When Lloyd Cole And The Commotions released their third LP, Mainstream, in October 1987, it seemed the world was theirs for the taking.
The Glasgow-formed, London-based quintet had already been feted for producing some of the most erudite and exhilarating guitar-driven pop of the 80s. Their critically hailed 1984 debut, Rattlesnakes, and erstwhile follow-up, Easy Pieces, both peaked inside the UK Top 20 and yielded gold discs, while the aptly titled Mainstream once again replicated this level of success.
Behind the scenes, however, The Commotions were in disarray. Keyboardist Blair Cowen quit just prior to Mainstream’s release and the band eventually split after the gruelling, year-long tour in support of the album.
Suddenly, frontman Lloyd Cole was a free agent and the course of his impending solo career would soon be determined when he decided to leave London and rent a studio apartment in New York’s lower Manhattan.
“My life was not good just then,” he reveals to uDiscover Music. “Leaving the band wasn’t an easy thing to do and I split up with my long-time girlfriend at the same time. I did very nearly buy a very small and very lovely flat in Islington with room for a single bed and a fridge, but then I thought, ‘What the hell am I doing?’ I never intended to relocate to New York full-time, I just took a six-month lease on a flat and ended up staying for 11 years!”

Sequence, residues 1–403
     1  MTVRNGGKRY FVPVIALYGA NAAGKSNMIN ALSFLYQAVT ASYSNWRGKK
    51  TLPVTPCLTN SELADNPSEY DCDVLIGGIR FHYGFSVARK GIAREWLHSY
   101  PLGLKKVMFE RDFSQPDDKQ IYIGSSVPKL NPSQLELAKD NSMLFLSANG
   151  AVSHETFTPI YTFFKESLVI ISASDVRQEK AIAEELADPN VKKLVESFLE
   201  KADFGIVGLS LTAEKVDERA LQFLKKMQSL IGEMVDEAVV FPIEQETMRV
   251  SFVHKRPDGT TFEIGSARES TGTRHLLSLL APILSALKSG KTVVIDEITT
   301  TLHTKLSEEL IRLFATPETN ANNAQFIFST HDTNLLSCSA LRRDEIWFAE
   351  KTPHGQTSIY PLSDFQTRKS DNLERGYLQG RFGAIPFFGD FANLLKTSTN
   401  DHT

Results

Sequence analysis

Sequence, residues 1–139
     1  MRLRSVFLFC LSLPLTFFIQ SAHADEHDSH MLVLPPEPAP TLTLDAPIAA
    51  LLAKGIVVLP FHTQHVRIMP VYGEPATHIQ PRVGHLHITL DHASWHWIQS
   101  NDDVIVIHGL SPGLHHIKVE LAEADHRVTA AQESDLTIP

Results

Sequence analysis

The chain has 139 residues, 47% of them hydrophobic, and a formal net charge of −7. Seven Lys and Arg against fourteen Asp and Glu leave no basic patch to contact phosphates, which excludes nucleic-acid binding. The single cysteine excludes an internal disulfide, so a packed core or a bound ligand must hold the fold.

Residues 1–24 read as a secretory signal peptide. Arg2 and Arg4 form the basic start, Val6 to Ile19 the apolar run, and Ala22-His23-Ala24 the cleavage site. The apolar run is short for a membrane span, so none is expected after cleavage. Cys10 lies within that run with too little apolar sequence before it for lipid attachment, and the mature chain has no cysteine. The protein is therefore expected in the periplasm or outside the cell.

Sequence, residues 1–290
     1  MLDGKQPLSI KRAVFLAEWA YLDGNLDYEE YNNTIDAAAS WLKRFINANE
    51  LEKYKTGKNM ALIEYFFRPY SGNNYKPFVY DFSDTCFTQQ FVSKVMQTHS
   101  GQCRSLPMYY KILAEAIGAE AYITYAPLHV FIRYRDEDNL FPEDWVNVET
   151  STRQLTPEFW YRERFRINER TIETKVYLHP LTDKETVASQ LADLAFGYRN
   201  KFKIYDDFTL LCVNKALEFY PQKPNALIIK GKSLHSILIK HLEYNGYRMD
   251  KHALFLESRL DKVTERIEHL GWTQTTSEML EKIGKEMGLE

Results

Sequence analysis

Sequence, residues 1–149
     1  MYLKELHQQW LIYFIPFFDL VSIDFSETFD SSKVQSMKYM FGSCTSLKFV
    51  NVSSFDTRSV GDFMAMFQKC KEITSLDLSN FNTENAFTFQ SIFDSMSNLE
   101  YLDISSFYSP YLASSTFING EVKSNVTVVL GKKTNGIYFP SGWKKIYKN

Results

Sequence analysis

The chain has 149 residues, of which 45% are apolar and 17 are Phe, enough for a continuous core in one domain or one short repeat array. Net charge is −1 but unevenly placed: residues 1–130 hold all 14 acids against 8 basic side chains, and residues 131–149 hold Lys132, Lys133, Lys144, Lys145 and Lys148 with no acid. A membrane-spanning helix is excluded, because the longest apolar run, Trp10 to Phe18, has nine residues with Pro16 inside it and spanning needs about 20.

Released on 17 March, the lavish, 6CD box set Lloyd Cole In New York: Collected Recordings 1988-1996 boxes up the four critically acclaimed studio albums that Cole subsequently recorded for Polydor and Fontana during his lengthy Stateside sojourn.
A must-have for fans and newcomers alike, the box also features Smile If You Want To (the completed but previously unreleased LP intended to follow 1995’s Love Story), plus an additional disc of demo recordings, including an impassioned cover of Nick Cave And The Bad Seeds’ ‘The Ship Song’ and an inventive reworking of Buddy Holly’s ‘True Love Ways’, rechristened ‘Everyday’.
Both UK Top 30 hits, Cole’s self-titled debut 1990 debut and the following year’s Don’t Get Weird On Me Babe were recorded with an all-star core ensemble including returning Commotion Blair Cowen, plus Lou Reed/Scritti Politti drummer Fred Maher, mercurial ex-Richard Hell And The Voidoids guitarist Robert Quine and the (then) relatively unknown Matthew Sweet on bass. Lloyd Cole’s tracklist includes perennial favourites such as ‘Undressed’, ‘Sweetheart’ and ‘No Blue Skies’, and Cole recalls its creation with fondness.
“Other than the making of Rattlesnakes, recording that first one was probably the most enjoyable hard work of my life,” he says. “It’s quite edgy in bits and it’s also quite pretty-sounding in places. Without The Commotions, it seemed possible to do something like ‘Undressed’ or something like ‘Sweetheart’ – which is a basically a T.Rex pastiche, but it still works. There’s a real magic about that first LP. It was made with a real joie de vivre. There was a lot of drinking and hamburgers being consumed and that resulted in a record full of life and exuberance.”